'Absolute exclusion of women from command in Army is illegal': Supreme Court dismisses Centre appeals against Delhi HC verdict
Absolute exclusion of women from command appointments in the Indian Army is against Article 14 and unjustified, the Supreme Court said in a judgement on Monday, calling denying permanent commission based on years of service 'a travesty of justice'
Absolute exclusion of women from command appointments in the Indian Army is against Article 14 and unjustified, the Supreme Court said in a judgement
The court also directed that a Permanent Commission be granted to women officers irrespective of the years of service, except in combat roles
Justice Chandrachud slammed the Centre’s written submissions, adding that reasons such as physiological differences and domestic obligations cited for denying command appointments to women
Absolute exclusion of women from command appointments in the Indian Army is against Article 14 and unjustified, the Supreme Court said in a judgment on Monday, calling denying permanent commission based on years of service “a travesty of justice”. It also directed that a Permanent Commission be granted to women officers irrespective of the years of service, except in combat roles.
The judgment was passed in the plea filed by women officers and was being heard by a Supreme Court bench, comprising Justices DY Chandrachud and Ajay Rastogi. The petition concerned the denial of Permanent Commission (PC) to women officers in the armed forces. The Centre has filed appeals against a 2010 judgment of the Delhi High Court. The judgment had held that Short Service Commissioned women officers of the Air Force and the Army, who had applied for Permanent Commission (PC) but were only given extension commensurate to the SSC level, are entitled to PC on par with male Short Service Commissioned officers with all consequential benefits.
Calling the induction of women in the army an “evolutionary process”, the bench upheld the 2010 Delhi HC order and dismissing the Centre’s appeals against it, the Supreme Court Bench said, "It is an insult to women as well as the army when aspersions are cast on women, their ability and their achievements in the army.”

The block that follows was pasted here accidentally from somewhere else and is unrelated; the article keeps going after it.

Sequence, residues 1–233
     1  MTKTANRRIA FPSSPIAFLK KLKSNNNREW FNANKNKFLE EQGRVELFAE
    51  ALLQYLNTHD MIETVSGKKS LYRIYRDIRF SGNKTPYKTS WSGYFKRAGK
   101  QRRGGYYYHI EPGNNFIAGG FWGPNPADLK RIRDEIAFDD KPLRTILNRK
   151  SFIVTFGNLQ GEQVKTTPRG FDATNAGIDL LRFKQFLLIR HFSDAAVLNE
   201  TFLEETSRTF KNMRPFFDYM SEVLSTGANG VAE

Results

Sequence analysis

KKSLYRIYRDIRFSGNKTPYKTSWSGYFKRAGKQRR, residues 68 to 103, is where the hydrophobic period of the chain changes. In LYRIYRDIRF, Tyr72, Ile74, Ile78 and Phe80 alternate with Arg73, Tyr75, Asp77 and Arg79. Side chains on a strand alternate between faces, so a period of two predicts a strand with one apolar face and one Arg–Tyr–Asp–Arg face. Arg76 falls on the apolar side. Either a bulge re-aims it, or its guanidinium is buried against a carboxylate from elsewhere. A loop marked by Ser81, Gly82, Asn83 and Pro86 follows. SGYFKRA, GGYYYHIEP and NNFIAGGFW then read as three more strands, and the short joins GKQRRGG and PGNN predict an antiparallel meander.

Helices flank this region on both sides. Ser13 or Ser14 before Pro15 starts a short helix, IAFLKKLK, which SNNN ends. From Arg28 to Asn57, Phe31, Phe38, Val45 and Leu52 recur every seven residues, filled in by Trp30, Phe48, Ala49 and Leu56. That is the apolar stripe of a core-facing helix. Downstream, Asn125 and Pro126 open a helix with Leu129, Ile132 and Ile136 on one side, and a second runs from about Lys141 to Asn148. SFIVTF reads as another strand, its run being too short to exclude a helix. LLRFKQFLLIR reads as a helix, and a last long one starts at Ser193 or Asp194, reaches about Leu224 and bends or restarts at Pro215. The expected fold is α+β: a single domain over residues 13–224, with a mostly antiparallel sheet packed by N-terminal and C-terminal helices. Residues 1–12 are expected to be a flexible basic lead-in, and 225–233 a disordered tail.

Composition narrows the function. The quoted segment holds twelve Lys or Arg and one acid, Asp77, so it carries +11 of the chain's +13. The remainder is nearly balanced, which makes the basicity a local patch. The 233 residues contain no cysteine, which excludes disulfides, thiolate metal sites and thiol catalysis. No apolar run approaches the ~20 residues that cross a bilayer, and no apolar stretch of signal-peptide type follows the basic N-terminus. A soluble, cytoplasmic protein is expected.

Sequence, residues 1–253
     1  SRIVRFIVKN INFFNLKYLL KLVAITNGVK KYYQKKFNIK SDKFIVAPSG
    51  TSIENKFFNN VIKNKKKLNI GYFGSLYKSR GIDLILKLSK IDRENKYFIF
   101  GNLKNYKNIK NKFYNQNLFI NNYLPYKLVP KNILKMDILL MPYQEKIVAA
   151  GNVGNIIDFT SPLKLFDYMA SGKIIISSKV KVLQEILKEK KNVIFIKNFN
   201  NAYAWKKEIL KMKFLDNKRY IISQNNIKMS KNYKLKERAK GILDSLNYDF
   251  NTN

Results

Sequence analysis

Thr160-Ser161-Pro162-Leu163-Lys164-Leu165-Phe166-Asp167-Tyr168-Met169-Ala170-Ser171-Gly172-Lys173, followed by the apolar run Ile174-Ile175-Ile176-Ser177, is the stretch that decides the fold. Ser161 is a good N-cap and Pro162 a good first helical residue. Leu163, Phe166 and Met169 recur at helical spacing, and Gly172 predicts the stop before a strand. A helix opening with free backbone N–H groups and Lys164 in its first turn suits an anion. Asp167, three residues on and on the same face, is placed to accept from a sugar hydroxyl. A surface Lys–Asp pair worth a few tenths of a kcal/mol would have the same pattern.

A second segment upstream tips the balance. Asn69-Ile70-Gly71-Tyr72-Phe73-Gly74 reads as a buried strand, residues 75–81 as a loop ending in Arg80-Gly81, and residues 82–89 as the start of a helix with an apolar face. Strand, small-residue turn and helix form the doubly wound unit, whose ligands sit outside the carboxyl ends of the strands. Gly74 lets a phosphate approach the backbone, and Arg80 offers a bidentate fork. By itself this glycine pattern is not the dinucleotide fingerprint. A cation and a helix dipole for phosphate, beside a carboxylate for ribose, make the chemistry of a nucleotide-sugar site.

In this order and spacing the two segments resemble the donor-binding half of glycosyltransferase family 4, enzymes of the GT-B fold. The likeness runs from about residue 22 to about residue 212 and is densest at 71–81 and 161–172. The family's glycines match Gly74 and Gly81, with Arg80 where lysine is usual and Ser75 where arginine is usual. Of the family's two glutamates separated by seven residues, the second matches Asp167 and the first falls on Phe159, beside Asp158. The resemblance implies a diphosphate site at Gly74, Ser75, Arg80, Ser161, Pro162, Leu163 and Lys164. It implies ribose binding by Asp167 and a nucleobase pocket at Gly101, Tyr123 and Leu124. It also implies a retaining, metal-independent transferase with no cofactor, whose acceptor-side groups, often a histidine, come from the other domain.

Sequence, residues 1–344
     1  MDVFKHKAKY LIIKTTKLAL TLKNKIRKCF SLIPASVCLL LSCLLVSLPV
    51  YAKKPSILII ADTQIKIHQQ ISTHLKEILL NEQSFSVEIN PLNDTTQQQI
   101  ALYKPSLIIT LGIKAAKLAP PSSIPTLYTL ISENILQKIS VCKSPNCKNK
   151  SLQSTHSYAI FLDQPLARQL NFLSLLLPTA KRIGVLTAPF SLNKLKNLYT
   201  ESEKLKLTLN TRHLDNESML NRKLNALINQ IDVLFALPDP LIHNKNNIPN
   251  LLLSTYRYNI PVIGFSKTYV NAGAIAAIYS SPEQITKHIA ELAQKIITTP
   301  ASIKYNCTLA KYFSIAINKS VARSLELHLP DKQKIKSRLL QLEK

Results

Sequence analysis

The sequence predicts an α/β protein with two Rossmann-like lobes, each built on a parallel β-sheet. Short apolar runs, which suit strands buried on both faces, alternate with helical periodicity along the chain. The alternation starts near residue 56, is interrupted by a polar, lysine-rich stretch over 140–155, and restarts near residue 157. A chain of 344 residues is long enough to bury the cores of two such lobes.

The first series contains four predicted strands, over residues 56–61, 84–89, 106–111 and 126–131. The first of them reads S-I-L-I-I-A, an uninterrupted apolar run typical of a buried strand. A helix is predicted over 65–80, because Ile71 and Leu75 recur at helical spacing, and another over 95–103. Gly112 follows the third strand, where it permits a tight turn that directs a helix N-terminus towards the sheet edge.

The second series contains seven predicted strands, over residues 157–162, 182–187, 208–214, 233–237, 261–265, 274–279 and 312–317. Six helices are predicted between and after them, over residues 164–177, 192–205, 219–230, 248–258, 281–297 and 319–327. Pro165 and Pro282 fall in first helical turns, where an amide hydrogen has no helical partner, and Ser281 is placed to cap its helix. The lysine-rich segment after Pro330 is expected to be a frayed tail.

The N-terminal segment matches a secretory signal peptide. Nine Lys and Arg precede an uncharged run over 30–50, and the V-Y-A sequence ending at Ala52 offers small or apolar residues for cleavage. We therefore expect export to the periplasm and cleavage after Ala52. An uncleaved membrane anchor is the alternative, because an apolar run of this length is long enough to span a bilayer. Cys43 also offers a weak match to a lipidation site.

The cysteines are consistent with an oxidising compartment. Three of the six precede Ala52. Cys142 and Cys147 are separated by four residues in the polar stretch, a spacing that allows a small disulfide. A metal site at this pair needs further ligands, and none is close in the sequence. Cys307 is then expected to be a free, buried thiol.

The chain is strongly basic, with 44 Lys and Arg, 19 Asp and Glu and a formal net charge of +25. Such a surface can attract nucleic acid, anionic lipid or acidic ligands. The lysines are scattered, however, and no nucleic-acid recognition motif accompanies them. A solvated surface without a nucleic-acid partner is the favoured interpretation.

Further, Chandrachud slammed the Centre’s written submissions, adding that reasons such as physiological differences and domestic obligations cited for denying command appointments to women perpetuate gender stereotypes. “To deny grant of PC on these stereotypes represent deeply entrenched biases. 30 percent of women are actually deployed in combat areas. True equality in army must be brought,” Chandrachud said.
Another reason mentioned by the Centre’s attorney was the reluctance of male troops predominantly from rural background to accept women in command. “Society holds a strong belief in gender roles that men are physically stronger and women are weak and submissive. It is a flawed notion that women are the weaker sex,” the Bench observed.
The court also said that the deployment of women on command assignments will be considered on case-to-case basis, adding that all terms of appointments of women officers in the army shall be same as their male counterparts. It added women officers, including those who have retired, shall be entitled to all consequential benefits as per the order.
Written submissions by women officers countered the Centre’s arguments about the aforementioned reasons for denying command appointments. Submissions referred to examples of women officers like Squadron Leader Minty Agarwal, Divya Ajit Kumar and IAF officer Gunjan Saxena who received gallantry awards for displaying courage during combat. The court had earlier reserved orders in the case on 5 February.
On 25 February last year, the Centre had taken a policy decision to grant Permanent Commission to Short Service Commission Women Officers in eight streams of Indian Army - Signals, Engineers, Army Aviation, Army Air Defence, Electronic and Mechanical Engineers (EME), Army Service Corps, Army Ordinance Corps and Intelligence), in addition to the existing two streams of Judge Advocate General and Army Educational Core (AEC). The policy, however, did not apply, to Short Service Commissioned women officers with service above 20 years. The policy thus was challenged for denying equal benefits to all classes of Short Service Commission Women Officers.
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